The next problem we’ve seen more regularly is well-meaning people who have been badly advised or have been mis-sold a harness and although the dog is wearing a harness, it is just not suitable for the purpose of running. For example there are no-pull harnesses which have been used because they have a fleece lining on the webbing and so it is assumed to be comfortable but anything which tightens when pulled into will not be comfortable for a dog and will not encourage freedom of movement. The other common unsuitable type of harness is one which has a strap across the front of the shoulders, these are often sold as ‘sport’ harnesses by the manufacturers so people are being misled into thinking these are suitable for the pulling sports – they are not. The reason being that this front strap restricts shoulder movement and will prevent a full, free range of motion when the dog is running.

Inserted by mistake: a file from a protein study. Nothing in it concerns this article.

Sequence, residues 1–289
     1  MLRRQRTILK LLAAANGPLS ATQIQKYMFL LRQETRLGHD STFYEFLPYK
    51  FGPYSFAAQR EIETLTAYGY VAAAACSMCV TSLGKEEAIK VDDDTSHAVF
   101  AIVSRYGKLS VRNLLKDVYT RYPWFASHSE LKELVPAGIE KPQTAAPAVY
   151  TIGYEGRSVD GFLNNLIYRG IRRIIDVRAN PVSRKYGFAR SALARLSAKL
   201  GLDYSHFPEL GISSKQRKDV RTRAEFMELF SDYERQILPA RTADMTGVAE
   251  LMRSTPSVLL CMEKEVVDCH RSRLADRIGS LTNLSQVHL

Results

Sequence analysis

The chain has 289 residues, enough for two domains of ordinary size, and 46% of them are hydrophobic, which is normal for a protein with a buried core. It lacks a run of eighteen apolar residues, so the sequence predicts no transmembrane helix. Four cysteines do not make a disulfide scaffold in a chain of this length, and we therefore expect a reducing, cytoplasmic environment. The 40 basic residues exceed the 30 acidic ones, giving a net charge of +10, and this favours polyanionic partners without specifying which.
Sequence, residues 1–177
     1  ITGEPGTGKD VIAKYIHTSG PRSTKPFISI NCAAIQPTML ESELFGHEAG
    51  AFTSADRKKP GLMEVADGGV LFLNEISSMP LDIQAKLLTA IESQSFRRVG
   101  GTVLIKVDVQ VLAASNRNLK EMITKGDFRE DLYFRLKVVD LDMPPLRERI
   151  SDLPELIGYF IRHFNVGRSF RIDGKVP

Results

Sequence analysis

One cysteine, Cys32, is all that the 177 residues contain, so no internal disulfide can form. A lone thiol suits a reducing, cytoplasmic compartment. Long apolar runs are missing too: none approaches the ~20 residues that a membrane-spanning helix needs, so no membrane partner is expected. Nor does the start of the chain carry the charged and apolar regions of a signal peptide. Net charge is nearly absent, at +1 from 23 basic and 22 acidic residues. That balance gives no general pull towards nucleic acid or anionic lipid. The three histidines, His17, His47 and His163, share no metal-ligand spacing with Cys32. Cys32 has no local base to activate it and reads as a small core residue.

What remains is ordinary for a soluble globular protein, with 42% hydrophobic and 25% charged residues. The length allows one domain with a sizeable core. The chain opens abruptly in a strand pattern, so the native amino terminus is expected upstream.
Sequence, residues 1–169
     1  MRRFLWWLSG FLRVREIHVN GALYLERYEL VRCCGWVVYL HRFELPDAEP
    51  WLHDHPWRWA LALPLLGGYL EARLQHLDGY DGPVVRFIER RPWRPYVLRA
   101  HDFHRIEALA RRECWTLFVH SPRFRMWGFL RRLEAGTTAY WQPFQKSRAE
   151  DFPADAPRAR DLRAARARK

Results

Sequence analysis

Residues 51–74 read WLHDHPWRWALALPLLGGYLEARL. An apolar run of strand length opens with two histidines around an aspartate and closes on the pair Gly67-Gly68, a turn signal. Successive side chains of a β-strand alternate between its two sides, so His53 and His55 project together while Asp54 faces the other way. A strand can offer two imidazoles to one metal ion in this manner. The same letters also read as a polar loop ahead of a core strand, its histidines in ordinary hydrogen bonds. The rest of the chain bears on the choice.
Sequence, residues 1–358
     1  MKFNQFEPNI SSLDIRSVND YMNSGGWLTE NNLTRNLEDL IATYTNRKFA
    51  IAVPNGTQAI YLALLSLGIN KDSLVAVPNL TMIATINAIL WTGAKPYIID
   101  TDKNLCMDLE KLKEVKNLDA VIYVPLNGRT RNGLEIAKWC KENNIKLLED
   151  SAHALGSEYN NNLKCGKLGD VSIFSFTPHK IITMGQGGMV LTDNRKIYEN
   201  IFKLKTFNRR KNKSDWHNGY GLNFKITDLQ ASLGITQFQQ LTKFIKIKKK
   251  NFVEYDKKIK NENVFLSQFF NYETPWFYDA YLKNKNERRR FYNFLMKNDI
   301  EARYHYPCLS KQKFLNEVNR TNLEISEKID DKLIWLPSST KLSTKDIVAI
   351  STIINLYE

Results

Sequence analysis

Sometimes even when the correct style of harness has been chosen unfortunately the sizing is wrong and most commonly, too big. As a general rule a dog sport harness should fit snugly, many people feel that the neck is too tight, when in actual fact the neck of the harness should make it snug to put on and pull off over the head of the dog. You only need to be able to fit a few fingers in the neck of a proper fitting harness and there should be no gaping along the body when the harness is pulled into. If the harness is just sitting on the dog with no tension through it then it may bunch up or slide about, this is normal, these harnesses are designed for dogs to pull into. If you have a dog who doesn’t pull, there are harnesses which don’t do this and we can point you in the right direction for these particular harness styles.